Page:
By David Schissler
(March 2013) I confess. When I was a student I and many of my friends would buy and sell our lift tickets in the parking lot. We’d pay full price to ski in the morning and sell our tickets to afternoon arrivals. There were always buyers since most ski areas’ half-day discount was a joke (and in many instances, still is). It was a way to get in some early runs, make it to an afternoon class, and still keep the cost of skiing down.
Recently, an entrepreneurial type in the Denver area took the concept way too far. He set up a web site called slopexchange.com complete with mobile functionality to hook up coming and going riders so they could sell the unused time on their lift tickets to each other. The intent was to “share” day and multi-day passes.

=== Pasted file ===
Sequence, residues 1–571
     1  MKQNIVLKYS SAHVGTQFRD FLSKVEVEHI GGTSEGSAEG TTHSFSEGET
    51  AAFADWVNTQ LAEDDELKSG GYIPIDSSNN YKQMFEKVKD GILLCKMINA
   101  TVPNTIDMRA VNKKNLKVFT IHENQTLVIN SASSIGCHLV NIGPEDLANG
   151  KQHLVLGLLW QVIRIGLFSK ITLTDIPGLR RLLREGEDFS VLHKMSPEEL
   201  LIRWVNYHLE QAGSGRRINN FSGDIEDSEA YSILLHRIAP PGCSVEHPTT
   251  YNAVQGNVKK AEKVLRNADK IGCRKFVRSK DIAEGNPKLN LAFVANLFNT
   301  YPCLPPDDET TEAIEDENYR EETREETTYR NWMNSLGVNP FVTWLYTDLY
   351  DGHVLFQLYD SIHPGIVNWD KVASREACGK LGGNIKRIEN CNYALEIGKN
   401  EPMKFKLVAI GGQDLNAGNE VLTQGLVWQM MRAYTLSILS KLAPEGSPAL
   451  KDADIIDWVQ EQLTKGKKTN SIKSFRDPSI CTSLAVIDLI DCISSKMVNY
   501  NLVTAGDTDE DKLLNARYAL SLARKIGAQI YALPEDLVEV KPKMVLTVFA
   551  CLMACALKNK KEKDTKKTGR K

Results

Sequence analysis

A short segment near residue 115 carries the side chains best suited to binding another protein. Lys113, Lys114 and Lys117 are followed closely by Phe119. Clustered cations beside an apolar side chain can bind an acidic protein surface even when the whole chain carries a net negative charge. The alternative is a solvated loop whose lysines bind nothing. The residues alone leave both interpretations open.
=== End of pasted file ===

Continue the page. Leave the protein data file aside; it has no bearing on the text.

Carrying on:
Enter the Ski Areas of New York (SANY). When they got wind of the site they sent their complaint to the National Ski Areas Association (NSAA). Since lift tickets are “universally non-transferrable” the NSAA hit the site owner with a “cease and desist” order February 8th explaining the practice broke several laws; namely, theft of services, unfair competition, deceptive trade practices and fraud. They threatened legal action and demanded the site shut down immediately. It shut down February 24.